B. Of course there were 1870 census returns for the town in question, and I found the family there in about three minutes on Ancestry. (You knew I was going to do that, right?)

Now, maybe Point A was simply a case of fuzzy phrasing, but this sort of thing really wrecks a book’s street cred for me. I’m not citing the particular work or author because (1) I haven’t finished the book yet and (2) I haven’t the heart to single out one person in particular for something I see all the time.

But I do giggle a bit sometimes in contemplating the supposed gulf between historians and genealogists. Because the best ones on both sides of the aisle know the true value of what each side is doing, and use it to their advantage. And ours.


Resource Spotlight: NY Census Chart

Well, we did New Jersey last week; now it’s New York’s turn. This nice reference page comes courtesy of the New York State Library.

New York State Census Records

Having an anxious moment about whether there is a New York state census schedule for your ancestors’ county in a given year? Put down that brown paper bag you’re breathing into and click the link above. It’s a lovely, clear chart depicting each county and the years for which state censuses are available.

New York took censuses in 1825, 1835, 1845, 1855, 1865, 1875, 1892, 1905, 1915 and 1925. Many originals were destroyed in the devastating fire in 1911 at the State Library in Albany (alternately known as the Great Fire That Makes All Genealogists Cry). Some counties, however, kept their own copies, which is one reason why availability varies so much. This chart will prevent you from spending hours looking at, say, the 1892 census for Rensselaer County and wondering why none of your search terms are working. Not that this has ever happened to me.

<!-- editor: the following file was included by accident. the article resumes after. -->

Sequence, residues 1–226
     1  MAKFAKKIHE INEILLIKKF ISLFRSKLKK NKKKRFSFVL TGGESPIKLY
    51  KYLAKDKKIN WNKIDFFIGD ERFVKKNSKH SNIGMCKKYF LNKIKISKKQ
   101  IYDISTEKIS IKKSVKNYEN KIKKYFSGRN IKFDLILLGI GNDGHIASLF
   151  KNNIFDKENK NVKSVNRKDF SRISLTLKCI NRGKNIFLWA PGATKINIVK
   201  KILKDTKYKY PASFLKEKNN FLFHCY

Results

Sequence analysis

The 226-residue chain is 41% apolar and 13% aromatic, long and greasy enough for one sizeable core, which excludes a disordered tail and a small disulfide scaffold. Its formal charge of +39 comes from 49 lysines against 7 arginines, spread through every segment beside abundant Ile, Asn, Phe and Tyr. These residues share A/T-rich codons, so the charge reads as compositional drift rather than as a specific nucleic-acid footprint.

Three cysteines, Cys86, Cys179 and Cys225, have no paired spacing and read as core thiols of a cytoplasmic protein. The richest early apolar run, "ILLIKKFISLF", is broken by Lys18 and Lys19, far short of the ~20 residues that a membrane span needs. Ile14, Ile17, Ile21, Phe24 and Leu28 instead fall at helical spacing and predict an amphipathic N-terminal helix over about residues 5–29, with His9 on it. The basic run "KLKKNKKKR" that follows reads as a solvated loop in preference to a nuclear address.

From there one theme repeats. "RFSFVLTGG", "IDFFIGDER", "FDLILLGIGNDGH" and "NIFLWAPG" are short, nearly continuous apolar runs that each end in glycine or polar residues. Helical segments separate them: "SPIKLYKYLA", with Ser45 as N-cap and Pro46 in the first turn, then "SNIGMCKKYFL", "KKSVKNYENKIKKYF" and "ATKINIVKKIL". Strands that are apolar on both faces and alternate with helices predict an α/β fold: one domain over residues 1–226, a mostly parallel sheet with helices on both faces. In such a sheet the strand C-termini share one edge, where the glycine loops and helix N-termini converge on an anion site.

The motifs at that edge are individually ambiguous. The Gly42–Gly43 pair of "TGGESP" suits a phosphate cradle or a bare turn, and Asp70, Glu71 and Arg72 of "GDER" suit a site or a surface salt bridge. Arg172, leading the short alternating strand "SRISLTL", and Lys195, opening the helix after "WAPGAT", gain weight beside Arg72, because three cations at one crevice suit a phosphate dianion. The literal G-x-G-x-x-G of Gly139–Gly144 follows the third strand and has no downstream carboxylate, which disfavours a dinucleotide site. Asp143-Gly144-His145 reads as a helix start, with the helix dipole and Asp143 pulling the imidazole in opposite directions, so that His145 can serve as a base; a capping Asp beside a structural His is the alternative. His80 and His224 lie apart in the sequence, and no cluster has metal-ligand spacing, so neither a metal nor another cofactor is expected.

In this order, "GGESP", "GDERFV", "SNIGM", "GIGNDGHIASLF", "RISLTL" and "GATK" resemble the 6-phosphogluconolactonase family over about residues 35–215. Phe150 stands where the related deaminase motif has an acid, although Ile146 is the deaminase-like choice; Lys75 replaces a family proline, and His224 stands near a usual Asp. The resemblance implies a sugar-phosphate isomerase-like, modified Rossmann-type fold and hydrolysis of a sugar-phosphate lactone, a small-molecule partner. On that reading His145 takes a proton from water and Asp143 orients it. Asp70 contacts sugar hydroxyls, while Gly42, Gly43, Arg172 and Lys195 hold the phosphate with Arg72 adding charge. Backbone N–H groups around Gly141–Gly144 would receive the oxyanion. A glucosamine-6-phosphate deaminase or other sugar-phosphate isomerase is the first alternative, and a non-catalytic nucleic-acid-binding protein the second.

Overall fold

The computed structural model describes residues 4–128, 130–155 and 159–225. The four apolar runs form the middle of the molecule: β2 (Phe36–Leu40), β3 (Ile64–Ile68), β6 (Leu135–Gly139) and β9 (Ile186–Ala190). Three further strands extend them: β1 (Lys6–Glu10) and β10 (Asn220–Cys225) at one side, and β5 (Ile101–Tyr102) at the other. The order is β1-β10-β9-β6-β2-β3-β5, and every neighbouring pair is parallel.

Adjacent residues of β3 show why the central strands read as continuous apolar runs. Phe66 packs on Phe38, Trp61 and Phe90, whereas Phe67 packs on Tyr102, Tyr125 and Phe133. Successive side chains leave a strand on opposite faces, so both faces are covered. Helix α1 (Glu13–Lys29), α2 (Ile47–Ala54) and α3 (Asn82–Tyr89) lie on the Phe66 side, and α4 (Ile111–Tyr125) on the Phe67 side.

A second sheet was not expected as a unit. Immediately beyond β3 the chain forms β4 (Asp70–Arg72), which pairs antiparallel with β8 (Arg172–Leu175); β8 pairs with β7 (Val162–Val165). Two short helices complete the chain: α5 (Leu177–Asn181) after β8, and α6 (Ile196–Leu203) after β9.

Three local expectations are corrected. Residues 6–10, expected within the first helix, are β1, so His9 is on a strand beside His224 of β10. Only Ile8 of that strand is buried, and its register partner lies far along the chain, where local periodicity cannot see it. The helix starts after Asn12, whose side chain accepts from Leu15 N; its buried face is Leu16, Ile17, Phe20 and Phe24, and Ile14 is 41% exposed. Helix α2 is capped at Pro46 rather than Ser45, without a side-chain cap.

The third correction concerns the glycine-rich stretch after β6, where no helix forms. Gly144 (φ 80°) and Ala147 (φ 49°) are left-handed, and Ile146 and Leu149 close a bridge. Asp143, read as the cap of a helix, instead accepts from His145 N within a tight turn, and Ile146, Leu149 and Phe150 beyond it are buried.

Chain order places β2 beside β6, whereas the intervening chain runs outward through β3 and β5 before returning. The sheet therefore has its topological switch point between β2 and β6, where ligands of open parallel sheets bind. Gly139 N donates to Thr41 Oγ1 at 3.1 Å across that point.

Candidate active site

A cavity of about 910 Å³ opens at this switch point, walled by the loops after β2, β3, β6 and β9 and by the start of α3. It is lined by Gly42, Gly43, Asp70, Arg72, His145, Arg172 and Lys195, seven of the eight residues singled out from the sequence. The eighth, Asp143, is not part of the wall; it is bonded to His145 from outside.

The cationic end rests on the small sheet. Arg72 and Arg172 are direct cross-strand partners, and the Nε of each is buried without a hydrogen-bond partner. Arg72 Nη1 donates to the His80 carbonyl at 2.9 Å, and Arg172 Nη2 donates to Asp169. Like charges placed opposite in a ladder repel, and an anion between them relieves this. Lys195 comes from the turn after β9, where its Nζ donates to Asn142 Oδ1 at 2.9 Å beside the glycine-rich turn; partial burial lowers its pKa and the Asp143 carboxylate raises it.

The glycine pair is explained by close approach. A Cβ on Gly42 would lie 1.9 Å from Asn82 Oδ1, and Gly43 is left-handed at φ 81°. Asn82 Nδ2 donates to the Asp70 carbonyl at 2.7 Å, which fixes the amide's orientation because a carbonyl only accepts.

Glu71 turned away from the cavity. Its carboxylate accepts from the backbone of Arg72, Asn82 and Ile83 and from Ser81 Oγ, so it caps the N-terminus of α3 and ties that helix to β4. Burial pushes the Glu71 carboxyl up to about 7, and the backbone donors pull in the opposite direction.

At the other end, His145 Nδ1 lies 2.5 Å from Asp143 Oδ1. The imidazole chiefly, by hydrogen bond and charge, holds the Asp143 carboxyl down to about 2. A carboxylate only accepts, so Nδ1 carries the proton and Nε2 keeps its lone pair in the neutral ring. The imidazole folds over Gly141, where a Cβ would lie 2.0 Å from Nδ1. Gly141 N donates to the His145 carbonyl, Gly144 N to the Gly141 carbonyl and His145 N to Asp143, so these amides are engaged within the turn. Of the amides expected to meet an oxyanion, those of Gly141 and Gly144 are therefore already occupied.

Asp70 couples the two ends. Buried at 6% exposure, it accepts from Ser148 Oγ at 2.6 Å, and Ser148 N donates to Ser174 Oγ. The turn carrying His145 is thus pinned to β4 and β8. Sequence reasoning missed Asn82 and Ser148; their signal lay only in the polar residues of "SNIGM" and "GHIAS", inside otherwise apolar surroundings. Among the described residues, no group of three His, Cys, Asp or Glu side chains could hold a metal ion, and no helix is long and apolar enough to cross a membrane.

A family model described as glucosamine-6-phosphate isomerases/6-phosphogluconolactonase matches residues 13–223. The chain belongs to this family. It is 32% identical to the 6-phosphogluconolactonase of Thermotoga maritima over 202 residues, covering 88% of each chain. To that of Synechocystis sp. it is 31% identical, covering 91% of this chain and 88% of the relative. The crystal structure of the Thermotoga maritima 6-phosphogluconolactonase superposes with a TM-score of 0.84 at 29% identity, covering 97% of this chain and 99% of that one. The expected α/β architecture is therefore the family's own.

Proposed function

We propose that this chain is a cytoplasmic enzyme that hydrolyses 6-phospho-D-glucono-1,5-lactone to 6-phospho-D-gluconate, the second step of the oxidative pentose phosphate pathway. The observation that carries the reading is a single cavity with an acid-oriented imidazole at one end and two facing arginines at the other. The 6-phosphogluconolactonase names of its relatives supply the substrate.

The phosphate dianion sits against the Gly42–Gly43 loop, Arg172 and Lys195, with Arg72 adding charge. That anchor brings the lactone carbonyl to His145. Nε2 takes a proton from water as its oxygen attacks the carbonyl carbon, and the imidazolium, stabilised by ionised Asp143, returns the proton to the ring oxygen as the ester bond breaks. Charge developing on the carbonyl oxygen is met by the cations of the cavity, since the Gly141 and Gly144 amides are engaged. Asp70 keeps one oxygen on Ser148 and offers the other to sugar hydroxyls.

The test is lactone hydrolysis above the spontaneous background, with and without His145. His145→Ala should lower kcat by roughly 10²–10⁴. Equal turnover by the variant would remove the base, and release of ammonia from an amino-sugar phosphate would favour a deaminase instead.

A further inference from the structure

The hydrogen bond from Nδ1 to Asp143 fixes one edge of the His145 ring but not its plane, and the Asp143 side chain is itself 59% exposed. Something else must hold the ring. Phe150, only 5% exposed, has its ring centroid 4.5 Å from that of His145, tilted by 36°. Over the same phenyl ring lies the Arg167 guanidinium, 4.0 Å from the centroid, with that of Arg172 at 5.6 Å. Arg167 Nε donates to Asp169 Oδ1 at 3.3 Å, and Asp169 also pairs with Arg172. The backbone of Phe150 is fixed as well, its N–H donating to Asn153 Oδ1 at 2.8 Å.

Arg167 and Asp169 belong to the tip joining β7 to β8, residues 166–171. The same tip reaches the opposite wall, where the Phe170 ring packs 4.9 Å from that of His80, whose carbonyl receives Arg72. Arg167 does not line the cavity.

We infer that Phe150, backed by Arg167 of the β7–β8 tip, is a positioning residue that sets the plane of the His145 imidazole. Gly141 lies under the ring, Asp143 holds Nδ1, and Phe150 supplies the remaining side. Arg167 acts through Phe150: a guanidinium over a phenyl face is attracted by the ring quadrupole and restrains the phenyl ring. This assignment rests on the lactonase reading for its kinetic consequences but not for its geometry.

Resource Spotlight provides a look at handy toolbox items I’ve bookmarked over the years.

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Underground Ghosts

In looking for background on my recent Subway Song post, I was surprised to discover just how many abandoned subway dreams left their mark upon the landscape — and not just New York City’s landscape, either.

A lot of these cases originated in enthusiastic plans for expanding subways after the end of World War I. Then the transit dreams evaporated for varying reasons — changes in political leadership, economic woes during the Depression, the automobile boom of the post-World War II era.

But many remnants of the dreams linger in unfinished lines or never-opened stations. And they’re catnip to a new generation of urban explorers who love chasing “ghost subways” wherever they may be found. Some examples: Cincinnati, or Rochester, or Toronto, or Berlin.

For those of us in the metro-NYC area, here are some additional ghostly subway links:


Hulk Cite!

Via weknowmemes.com:

the-credible-hulk


Resource Spotlight: NJ Census Questions

From New Horizons Genealogy:

Questions from each New Jersey state census

New Jersey took state censuses in 1855, 1865, 1875, 1885, 1895, 1905 and 1915. Not all are complete. In addition providing a handy reference for what was asked in each census, this page lists counties for which incomplete records exist.

Resource Spotlight provides a look at handy toolbox items I’ve bookmarked over the years.